Closely pursued by the 8th Louisiana Infantry, Union Col. John R. Kenly’s rear guard occupied Guard Hill just west of here. The two-gun section of Knap’s Battery E, Pennsylvania Light Artillery, commanded by Lt. Charles Atwell, covered part of the peninsula between the North and South Forks of the Shenandoah River as the Confederates surged toward the North Fork Bridge.
As the Confederate forces crossed the South Fork onto the peninsula, Kenly’s Union troops deployed on the Winchester side of the Pike Bridge over the North Fork. The prominence of Guard Hill offered Kenly a good position to slow down the Southern advance. Atwell unlimbered his cannons on the height west of the turnpike near Dr. Kenner’s home, while the Federal infantry dug in on either side of the road to combat any attempt by the Confederates crossing at the bridge.
Atwell’s guns held off the commands of Col. Bradley T. Johnson and Maj. Chatham Roberdeau Wheat for almost an hour, despite being shelled by Capt. John A. Lusk’s Confederate battery from Atwell’s former position on Richardson’s Hill. When Kenly rode forward to check the progress of his bridge-burning orders, he found “the river below the bridges … alive with horsemen (Lt. Col. Thomas S. Flournoy’s 6th Virginia Cavalry), crossing in two different places by fording.” Kenly ordered a retreat, leaving two companies of the 5th New York Cavalry as a rear guard while the infantry and artillery hastened north on the Front Royal Turnpike.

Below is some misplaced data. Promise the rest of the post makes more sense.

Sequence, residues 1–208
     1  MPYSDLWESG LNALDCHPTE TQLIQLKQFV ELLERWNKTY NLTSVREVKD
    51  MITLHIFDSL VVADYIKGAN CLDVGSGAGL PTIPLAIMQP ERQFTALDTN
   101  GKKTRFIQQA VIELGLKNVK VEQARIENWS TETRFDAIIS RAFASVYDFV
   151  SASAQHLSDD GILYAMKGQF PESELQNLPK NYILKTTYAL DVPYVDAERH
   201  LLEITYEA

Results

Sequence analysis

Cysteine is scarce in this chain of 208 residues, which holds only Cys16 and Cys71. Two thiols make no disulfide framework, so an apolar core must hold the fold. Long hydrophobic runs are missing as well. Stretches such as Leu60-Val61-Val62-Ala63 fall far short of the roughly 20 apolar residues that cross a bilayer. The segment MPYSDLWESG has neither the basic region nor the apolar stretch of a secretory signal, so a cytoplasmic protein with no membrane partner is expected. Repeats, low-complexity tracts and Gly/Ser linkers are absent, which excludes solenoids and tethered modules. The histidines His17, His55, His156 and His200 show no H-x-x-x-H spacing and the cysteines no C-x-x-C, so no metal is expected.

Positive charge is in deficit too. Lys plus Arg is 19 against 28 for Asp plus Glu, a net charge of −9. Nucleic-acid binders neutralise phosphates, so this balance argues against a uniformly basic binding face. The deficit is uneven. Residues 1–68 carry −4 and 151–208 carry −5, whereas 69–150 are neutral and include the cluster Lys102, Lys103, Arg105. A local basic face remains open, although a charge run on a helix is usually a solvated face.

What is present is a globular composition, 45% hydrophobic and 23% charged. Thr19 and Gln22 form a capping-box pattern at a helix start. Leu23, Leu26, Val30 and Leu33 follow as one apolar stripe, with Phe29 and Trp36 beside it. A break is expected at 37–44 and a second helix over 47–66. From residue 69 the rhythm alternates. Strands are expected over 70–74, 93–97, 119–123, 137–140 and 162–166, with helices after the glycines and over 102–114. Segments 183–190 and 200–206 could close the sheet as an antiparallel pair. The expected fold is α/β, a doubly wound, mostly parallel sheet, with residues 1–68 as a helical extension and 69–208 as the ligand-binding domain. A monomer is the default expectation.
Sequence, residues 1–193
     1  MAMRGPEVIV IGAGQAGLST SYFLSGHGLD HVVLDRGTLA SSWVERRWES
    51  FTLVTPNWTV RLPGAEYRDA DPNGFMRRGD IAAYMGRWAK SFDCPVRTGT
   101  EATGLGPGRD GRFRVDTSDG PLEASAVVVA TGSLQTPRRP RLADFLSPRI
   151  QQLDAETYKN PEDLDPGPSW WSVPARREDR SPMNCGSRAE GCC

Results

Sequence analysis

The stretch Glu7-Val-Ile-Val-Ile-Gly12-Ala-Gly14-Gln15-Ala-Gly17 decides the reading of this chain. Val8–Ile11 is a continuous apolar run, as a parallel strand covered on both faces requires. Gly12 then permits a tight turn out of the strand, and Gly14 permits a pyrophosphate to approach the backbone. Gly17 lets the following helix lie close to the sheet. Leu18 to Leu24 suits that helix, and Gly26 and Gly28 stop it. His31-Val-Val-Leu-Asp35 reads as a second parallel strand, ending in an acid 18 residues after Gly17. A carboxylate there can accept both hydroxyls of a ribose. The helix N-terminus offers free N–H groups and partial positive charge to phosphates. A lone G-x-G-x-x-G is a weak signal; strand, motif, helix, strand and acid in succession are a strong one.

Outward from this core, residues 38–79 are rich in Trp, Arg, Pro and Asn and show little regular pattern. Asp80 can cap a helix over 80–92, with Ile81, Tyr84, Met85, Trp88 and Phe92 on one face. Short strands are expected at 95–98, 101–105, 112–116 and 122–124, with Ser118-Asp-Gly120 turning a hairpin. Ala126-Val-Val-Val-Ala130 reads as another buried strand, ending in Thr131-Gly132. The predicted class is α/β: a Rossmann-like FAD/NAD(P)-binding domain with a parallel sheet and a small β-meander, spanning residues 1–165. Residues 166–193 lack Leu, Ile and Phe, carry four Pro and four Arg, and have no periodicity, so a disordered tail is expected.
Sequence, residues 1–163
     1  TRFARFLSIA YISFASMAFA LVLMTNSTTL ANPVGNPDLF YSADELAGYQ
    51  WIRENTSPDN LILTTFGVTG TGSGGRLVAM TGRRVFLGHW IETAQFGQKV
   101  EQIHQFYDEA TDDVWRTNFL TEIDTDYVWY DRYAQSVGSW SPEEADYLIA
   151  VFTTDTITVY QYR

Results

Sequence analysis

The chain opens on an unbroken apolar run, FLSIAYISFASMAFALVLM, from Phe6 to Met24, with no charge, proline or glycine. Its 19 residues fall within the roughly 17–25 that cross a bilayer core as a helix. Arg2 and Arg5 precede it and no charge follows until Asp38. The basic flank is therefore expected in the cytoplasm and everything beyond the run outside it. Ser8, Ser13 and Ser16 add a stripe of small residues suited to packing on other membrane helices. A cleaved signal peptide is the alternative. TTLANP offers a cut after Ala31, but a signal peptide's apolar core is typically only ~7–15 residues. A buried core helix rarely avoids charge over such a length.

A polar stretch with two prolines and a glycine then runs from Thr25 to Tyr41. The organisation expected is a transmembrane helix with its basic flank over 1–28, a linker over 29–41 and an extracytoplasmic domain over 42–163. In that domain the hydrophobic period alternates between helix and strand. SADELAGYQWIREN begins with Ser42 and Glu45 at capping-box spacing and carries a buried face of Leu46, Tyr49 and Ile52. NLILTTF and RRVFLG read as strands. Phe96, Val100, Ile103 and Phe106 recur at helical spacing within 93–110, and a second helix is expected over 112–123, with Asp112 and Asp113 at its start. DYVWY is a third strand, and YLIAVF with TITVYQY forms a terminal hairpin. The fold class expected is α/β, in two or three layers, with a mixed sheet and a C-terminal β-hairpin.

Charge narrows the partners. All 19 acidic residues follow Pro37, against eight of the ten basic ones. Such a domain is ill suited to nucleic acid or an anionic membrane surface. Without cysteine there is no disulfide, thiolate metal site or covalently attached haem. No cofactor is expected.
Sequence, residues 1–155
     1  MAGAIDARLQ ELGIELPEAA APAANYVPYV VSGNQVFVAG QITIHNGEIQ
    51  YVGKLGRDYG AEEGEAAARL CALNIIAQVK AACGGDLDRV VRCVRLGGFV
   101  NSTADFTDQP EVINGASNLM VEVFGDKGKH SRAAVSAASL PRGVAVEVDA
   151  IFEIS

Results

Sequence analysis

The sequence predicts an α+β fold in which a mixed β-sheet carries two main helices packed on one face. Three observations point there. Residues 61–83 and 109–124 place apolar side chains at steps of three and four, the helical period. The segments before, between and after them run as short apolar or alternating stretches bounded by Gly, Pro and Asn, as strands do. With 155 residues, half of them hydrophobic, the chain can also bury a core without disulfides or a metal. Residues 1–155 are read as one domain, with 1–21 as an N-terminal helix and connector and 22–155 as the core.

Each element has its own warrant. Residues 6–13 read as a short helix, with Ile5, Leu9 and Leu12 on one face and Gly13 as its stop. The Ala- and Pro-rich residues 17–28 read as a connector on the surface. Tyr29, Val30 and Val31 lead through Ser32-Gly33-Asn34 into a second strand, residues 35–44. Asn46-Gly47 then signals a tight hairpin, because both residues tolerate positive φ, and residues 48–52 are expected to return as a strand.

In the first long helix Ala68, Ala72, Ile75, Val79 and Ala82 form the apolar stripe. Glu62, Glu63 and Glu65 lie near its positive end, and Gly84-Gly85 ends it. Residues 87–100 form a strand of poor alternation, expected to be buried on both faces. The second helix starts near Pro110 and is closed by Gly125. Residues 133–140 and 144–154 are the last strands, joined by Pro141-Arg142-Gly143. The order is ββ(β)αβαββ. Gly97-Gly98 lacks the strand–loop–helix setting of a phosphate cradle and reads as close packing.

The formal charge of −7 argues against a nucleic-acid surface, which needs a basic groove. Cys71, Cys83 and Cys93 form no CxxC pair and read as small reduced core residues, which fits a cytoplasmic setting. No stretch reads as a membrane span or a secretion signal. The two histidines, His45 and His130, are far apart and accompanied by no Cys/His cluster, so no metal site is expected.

During the retreat to Winchester several men were captured, and just before reaching the town the two guns were spiked and abandoned. They were recovered when Jackson was forced to retreat from Winchester.
|May 24-25||Retreat to Manassas, attached to Geary’s Separate Brigade, Dept. of the Rappahannock|
|June-August||Guard Railroad and operations in the Valley attached to Artillery, 2nd Corps, Army of Virginia|
|July 12-17||Reconnaissance to Orange and Culpeper Court House|
Battle of Cedar Mountain